Wednesday, 1 August 2012

The Tudor Tailor

For my Queen of Hearts costume, I'm going to use the Henrician Gown pattern from The Tudor Tailor.  I bought this book a couple of years ago for no other reason than that it had lovely photographs and was so interesting.  I felt a bit foolish afterwards, because I couldn't ever think of a reason to make myself a Tudor gown that called for 9 metres of fabric and a farthingale.  Hah, was I wrong!

Ninya and Jane with baby Holly at The International Living History Fair in 2010

The Tudor Tailor is the joint project of two very talented women.  Jane Malcolm-Davies has a doctorate in Heritage Interpretation from the University of Surrey, and is the director of JMD & Co, which (among other services) loans historically accurate reproduction costumes to schools and gives talks about their historical background. Ninya Mikhalia has a Higher National Diploma in Costume Interpretation (doesn't that sound like a fantastic course?) from the London College of Fashion and is the principle maker of costumes for JMD & Co.

The book contains 36 patterns for Tudor garments for men and women including hats and underwear. This is the 1540s Courtier's Suit from the cover of the book, isn't it sumptuous?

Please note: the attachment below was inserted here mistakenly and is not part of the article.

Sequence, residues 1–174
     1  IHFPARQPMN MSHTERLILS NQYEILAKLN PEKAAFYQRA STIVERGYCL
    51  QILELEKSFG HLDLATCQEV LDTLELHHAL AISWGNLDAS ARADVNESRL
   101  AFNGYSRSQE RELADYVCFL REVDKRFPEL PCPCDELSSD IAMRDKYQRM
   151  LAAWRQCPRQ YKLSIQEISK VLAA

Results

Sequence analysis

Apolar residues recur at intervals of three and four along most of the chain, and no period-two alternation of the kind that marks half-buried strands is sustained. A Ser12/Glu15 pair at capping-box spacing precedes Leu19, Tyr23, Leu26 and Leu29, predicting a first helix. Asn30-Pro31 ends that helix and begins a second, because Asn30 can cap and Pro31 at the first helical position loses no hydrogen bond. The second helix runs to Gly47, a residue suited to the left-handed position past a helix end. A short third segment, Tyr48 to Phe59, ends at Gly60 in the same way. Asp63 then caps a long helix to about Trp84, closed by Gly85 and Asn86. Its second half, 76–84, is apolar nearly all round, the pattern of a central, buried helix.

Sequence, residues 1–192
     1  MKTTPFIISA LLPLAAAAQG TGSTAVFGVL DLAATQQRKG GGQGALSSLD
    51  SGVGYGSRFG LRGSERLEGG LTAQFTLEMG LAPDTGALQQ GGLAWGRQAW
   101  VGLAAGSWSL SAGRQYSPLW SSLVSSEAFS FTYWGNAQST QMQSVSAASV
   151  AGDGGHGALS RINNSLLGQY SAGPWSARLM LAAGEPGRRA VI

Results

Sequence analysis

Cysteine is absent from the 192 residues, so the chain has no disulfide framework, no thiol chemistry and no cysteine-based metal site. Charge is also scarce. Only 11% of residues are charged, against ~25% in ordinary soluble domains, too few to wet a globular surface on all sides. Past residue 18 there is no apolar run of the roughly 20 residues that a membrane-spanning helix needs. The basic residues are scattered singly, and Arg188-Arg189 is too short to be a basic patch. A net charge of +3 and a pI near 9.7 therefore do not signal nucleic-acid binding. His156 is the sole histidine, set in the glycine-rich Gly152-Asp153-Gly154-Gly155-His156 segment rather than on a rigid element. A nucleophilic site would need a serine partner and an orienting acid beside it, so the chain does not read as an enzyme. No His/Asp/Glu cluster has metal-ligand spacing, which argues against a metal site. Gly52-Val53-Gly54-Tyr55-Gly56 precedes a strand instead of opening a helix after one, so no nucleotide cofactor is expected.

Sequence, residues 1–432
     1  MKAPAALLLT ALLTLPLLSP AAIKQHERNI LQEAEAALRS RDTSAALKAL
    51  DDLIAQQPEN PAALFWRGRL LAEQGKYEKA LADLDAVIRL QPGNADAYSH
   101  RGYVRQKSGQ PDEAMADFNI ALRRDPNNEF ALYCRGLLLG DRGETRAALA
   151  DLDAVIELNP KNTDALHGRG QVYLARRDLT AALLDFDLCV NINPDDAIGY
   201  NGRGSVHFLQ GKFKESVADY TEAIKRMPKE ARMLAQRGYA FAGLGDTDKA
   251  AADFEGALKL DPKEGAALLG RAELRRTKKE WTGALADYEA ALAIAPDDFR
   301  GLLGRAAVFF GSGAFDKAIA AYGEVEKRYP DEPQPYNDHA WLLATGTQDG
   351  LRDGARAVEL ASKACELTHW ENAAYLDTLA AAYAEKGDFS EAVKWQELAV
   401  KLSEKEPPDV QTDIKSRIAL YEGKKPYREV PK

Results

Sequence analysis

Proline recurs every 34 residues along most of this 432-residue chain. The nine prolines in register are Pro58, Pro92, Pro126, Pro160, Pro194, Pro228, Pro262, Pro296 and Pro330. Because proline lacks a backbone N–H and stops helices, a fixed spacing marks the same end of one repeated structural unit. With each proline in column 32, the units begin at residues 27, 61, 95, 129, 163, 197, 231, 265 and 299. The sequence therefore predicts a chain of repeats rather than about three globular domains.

The pattern for this amazing 1590s gown complete with farthingale and ruff is included.  I would love to have a go at making it one day.

What I particularly like about the book is that it also provides an historical background for the costumes.  There are several chapters discussing the social and financial role that clothing played in people's lives, and the types of materials used, with emphasis on the clothing of the average person not just the wealthy.

Pattern for Henrician Lady's Kirtle

As you can see above, the patterns are shown at 1/8th scale (each square of the grid equals one inch) and have to be scaled up to be used.  This can be a bit of a pain if you don't have inch squared paper, but there are some instructions on the Tudor Tailor site.

The instructions suppose a prior familiarity with sewing and can be quite brief.  This is not a book for a beginner sewer! There is a glossary explaining some of the more unusual sewing terms, and detailed photos and line drawings of the finished costume, but no step-by-step instructions.  This is not at all a criticism, just an observation, and if you haven't sewn very much before, I doubt you'd be attempting these sorts of outfits.

Next post: the toile of the Henrician gown bodice.

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